Why IMP Failed

When Jules Perkins was a Freshman, he was given a choice between two math pathways. The first option was four years of traditional high school math; the second was an alternative program called IMP — the Interactive Math Program.

“They were described as being the same, except IMP would be more hands-on, which is how I learn best,” Jules says. “That’s why I chose IMP.”

Three years later, as he prepared for senior year, Jules felt as though he’d made the wrong decision. “I ended up having to have a tutor for SATs and ACTs, and now I’m taking Algebra II,” he says. “I’ve basically had to retake three years of math.”

Jules’s experience was not uncommon — other students also felt unprepared by the IMP program. In fact, the program was largely deemed a failure, and discontinued. Still, even after its cancellation, math teachers at U-32 stand by the program, insisting it was a superior option for many students.

Jason Reichert taught the IMP program for several years at U-32, and is a strong proponent.

“We felt it gave students more opportunity for sense making with mathematics, not proceduralizing,” Reichert says, “It held students more accountable for developing higher level thinking skills.”

“The first day of every IMP unit was almost always exploring the unit problem and just grappling with it,” Reichert recalls, “we’d say, ‘ok, clearly we don’t have all the math skills — the tools — that we need to solve the problem’, and then we’d develop those.”

Reichert uses one particular unit problem, titled Orchard Hideout, to illustrate on a basic level how the IMP program worked — and how it covered the same material as Algebra and Geometry classes did.

Orchard Hideout had to do with the pythagorean theorem,” Reichert remembers, “being able to locate where trees were in the orchard and if a particular tree’s coordinate fell on a line of sight. This had to do with the hypotenuse of a right triangle. For example, there’s a tree at the spot (0, 5). Would that tree fall on the line of sight that goes through (30, 20)?”

“Its a contextual, problem solving approach to learning mathematics,” he says. “In the three years of IMP, students get the same education conceptually that you’d get with algebra I/geometry then algebra II.”

Despite their differences, IMP and the traditional pathway shared the goal of preparing for college level math as well as APs, SATs and ACTs. Many students, though, feel the program did not meet these goals.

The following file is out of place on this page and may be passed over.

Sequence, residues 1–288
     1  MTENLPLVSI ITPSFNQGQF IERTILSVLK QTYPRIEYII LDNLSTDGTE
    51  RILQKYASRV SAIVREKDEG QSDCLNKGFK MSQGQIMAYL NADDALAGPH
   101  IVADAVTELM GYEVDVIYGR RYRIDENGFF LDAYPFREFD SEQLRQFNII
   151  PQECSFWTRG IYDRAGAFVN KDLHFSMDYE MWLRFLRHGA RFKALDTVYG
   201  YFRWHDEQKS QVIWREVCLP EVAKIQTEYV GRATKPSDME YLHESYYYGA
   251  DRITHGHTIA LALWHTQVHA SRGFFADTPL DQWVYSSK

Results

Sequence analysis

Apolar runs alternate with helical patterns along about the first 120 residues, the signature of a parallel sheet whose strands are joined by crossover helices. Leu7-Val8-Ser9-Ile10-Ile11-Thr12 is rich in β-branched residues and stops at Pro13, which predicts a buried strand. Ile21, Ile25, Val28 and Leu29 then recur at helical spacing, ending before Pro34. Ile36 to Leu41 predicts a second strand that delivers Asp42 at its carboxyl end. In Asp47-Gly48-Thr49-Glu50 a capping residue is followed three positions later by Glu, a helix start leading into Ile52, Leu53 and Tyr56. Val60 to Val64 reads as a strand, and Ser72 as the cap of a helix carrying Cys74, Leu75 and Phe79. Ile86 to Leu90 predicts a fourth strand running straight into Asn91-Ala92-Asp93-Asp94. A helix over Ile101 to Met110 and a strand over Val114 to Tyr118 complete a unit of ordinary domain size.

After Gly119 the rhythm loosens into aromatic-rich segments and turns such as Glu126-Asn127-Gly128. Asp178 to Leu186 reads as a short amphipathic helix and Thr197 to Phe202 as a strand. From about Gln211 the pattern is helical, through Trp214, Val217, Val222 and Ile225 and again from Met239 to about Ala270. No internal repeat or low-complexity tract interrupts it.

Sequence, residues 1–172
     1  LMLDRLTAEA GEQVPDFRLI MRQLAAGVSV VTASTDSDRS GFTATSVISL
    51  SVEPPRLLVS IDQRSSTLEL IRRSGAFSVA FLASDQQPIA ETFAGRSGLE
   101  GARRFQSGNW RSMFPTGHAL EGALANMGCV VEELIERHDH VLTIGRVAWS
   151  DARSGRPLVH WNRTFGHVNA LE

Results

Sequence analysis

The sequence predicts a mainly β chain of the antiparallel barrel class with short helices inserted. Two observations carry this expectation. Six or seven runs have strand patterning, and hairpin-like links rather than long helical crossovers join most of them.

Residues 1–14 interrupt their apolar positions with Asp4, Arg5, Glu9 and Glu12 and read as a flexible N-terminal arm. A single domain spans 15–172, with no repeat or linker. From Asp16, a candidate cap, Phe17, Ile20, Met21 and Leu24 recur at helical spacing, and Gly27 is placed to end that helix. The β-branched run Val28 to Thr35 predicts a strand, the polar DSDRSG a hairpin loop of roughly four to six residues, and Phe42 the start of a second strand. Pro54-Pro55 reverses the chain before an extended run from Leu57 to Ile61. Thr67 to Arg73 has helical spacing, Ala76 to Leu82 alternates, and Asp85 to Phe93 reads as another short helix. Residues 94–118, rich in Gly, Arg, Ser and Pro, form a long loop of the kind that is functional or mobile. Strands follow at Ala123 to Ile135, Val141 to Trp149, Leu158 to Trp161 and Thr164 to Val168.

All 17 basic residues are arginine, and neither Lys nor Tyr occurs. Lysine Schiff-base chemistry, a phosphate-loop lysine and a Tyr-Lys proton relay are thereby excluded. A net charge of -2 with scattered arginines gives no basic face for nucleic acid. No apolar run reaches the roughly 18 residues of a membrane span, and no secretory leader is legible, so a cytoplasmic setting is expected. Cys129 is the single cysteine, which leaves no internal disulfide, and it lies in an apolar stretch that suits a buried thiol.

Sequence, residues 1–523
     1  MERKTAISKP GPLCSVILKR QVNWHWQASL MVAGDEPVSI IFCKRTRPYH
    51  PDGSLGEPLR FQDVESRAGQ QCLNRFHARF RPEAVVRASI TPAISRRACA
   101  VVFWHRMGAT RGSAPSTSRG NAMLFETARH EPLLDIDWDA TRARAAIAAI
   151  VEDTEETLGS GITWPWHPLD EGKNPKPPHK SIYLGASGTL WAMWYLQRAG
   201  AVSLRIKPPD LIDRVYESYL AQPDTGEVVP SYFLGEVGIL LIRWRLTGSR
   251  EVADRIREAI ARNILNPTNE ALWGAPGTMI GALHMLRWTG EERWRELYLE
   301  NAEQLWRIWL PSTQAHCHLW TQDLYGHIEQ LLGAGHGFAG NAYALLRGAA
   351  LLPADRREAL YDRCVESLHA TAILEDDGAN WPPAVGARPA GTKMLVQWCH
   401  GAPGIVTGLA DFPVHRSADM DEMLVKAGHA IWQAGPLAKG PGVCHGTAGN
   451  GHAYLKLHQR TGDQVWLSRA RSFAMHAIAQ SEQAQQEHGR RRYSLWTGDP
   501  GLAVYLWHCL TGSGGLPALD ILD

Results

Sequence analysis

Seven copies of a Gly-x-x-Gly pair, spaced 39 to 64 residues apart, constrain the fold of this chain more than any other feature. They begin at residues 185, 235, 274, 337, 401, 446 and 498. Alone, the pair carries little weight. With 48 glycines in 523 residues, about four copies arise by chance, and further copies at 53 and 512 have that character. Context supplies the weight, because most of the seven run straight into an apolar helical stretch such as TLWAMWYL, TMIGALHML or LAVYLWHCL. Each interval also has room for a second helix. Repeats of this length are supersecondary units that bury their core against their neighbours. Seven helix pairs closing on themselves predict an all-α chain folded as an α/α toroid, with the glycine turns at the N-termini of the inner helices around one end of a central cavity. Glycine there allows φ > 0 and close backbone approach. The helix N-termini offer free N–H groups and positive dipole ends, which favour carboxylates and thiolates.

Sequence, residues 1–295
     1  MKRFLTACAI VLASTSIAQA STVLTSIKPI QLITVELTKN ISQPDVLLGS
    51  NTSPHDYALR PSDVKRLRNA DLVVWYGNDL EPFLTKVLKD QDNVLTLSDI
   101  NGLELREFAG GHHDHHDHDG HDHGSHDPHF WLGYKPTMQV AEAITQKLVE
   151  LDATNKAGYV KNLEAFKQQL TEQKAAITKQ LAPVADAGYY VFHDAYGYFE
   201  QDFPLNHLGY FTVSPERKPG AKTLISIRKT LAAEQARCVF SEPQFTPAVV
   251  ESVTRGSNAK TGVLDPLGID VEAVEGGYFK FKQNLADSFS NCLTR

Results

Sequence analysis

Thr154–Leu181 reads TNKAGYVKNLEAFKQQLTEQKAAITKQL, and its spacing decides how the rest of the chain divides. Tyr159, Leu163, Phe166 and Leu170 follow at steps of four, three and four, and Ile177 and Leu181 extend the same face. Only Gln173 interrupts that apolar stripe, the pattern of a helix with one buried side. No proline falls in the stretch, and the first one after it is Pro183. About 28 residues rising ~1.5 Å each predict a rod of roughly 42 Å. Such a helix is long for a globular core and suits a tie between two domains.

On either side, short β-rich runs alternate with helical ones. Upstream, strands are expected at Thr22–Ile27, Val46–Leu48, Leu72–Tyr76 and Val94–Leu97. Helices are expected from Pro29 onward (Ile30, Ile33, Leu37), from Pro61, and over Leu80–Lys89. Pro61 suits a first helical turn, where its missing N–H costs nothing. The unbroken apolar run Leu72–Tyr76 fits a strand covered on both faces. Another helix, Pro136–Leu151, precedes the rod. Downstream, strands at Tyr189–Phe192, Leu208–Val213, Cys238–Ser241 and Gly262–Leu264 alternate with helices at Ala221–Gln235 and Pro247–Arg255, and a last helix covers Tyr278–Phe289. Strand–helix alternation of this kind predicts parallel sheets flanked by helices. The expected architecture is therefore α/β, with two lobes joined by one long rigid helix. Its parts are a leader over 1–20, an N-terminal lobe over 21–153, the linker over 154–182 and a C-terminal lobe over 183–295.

The class paths for traditional math and IMP, which theoretically end in the same place.


One former IMP student, who in sophomore year chose IMP III in place of Plane Geometry, reiterated many of Jules’ complaints: “I constantly felt like I wasn’t really learning anything. The next year I felt I was really not prepared with geometry. Even now, geometry is the weakest part of my math knowledge.”

Both students and teachers at U-32 agreed that one of the more obvious differences related to the time devoted to each concept.

“There’s more breadth in a (traditional) geometry class,” Reichert says. “You don’t get as many skills from IMP as you do in a Geometry class, but you go deeper with it.”

Olivia Peltier, a Senior who took an IMP class, noticed this as well: “we spent very long periods of time on each thing — our units were very long and very specific which for me became boring after a while.”

Reichert acknowledges many of the complaints students had were legitimate. “There were definitely some pretty clear downfalls,” he says. “There wasn’t a lot of opportunity for practice — for solidifying skills students learned… Homework was conceptual, where I really think homework should be a place for practice.”

Reichert said he wasn’t surprised to learn of the students who had chosen to retake entire years of math based on their feeling that the IMP class hadn’t adequately covered the year of math.

“It maybe was a product of IMP not being taught well enough.” Reichert suggests. “It comes down to the fact that everyone’s different — some students will perform better with IMP while others won’t.”

To students who have complained of not being taught particular concepts or skills, Reichert points out that this is inevitable to a certain extent: “IMP doesn’t address every single skill that there is in math, just like Algebra, Geometry and Algebra II don’t… so when you have students coming out of IMP and are taking Stats, Pre Calc — whichever — they feel like it’s a lot different. It is a lot different.”

When U-32’s administration and math department chose to phase the program out, a process which was completed last year, some assumed the decision related to the program’s low popularity.

Reitchert insists this decision was not made because of inadequacies within the program. “It had more to do with the implications it had on sectioning and our workload as teachers,” he says. “Having to prep for four different classes, we became spread too thin — we weren’t planning well for any of those preps, we were just doing the minimum.”

For Jules and many of his classmates, this decision was seen as a positive step for U-32 math. They understand the teacher’s complaints of being spread too thin in preparation, and have their own list of reasons to back the decision. “Geometry — which I learned in IMP — is the weakest part of my math knowledge, which I think could be a problem in the future for me.”

Whether or not the IMP program was truly a failure, as many students would claim, is impossible to determine. Still, most agree — whether it was for flaws in practical implementation or for failure to convey essential math concepts — U-32 is better off without the program.

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